The good news is that we have a pretty robust internal capability around online learning. Purdue also has a program called IMPACT, which supports faculty take lecture material meant for one-way communication and moving it online in ways that support rich two-way communication. Many of our faculty are trained through the IMPACT program, which allows us to create resilient classrooms that will be effective this fall. If, for example, some students get sick, or if the instructor gets sick, or if we need to divide the classroom in half, we are very prepared.
Besides the impact of the pandemic, what other factors drove Krannert’s decision to suspend its residential MBA?
It really came down to two decisive factors. The first is, while we were struggling to bring the applications to the two-year residential MBA back up to our previous numbers, our other programs were doing well, both in the number of applicants and in the rankings. The second factor is that we’re rebooting a joint undergraduate program with our College of Engineering called Integrated Business and Engineering. Historically called a BS in industrial management, the degree integrates science, engineering, and management. Internally, we sometimes called it “the CEO maker,” because so many who graduated with that degree have gone on to lead companies. We feel confident that this program will be a flagship for us—we want it to be the hardest degree to get into on campus. It needed to be properly resourced.
How else will you reallocate the resources previously dedicated to the residential MBA?
We plan to use those resources in three places. The first will be the integrated business and engineering program. The second will be our online programs, which need faculty resources. And the third will be our residential programs. This includes our master’s in business information management, which currently attracts ten applications for every spot.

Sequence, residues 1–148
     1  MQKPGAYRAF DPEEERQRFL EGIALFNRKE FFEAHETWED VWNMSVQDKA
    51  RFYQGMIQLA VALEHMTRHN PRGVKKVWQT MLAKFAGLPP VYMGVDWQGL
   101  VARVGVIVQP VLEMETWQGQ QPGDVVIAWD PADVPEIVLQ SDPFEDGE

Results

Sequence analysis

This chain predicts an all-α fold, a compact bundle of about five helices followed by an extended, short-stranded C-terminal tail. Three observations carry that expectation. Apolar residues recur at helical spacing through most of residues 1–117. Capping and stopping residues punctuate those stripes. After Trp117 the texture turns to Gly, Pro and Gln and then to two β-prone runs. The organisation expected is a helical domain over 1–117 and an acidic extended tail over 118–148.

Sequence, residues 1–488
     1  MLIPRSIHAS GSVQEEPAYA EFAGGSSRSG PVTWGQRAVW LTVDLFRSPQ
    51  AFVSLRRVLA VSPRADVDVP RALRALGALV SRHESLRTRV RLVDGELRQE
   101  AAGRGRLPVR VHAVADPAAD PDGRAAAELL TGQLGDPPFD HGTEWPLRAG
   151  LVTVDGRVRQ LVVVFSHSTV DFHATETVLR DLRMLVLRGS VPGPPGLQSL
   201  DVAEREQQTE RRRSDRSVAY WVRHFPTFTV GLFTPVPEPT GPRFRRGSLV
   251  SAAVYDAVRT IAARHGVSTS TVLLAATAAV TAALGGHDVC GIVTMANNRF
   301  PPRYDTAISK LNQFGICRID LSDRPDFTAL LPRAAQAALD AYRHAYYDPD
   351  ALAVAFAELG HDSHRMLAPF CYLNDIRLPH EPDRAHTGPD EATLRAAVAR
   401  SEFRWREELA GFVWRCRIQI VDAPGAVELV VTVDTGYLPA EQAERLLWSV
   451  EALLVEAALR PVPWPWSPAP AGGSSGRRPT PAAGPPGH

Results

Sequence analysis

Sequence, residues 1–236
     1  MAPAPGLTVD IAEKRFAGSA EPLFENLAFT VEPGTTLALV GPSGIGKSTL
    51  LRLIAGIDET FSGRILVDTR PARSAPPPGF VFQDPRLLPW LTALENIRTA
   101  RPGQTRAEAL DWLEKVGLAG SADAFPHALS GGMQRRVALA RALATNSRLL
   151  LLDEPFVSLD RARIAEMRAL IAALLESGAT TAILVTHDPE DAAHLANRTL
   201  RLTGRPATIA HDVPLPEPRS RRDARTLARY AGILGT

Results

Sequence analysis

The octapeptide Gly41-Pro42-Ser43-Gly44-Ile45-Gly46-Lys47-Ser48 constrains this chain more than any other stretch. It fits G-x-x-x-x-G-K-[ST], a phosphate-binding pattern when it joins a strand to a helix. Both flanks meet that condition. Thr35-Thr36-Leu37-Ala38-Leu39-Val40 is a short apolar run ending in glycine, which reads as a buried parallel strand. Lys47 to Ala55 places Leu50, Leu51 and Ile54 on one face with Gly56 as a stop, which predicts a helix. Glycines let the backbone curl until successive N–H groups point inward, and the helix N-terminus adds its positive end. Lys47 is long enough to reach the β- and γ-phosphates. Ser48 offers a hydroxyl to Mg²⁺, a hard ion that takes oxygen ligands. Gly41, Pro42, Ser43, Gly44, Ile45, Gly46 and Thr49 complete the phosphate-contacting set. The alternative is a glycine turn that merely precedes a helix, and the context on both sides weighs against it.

What notes did you take from the experiences of schools such as the universities of Illinois and Iowa that now are two or more years past their decisions to suspend their full-time residential MBAs?
There was a great deal of conversation at the AACSB Deans Conference meetings about this specific issue. Sarah Gardial [former dean of the Tippie College] gave a great talk a couple of years ago, and from that I learned two things. The first is to lead with the data. In our case, to some alumni, pausing the full-time MBA might have seemed like a capricious decision. But we could lay the data out in front of them, and say, “You’re a successful business person. What would you do with this business case?” This helped them see what went into the decision.
I also learned to keep communications coordinated and as transparent as possible so the rest of the university understands what the decision is and is on board with it. I had multiple conversations with my provost and my president. The week before the announcement, I spoke at length with our board of trustees. You don’t want to blindside any of those people in an instance like this.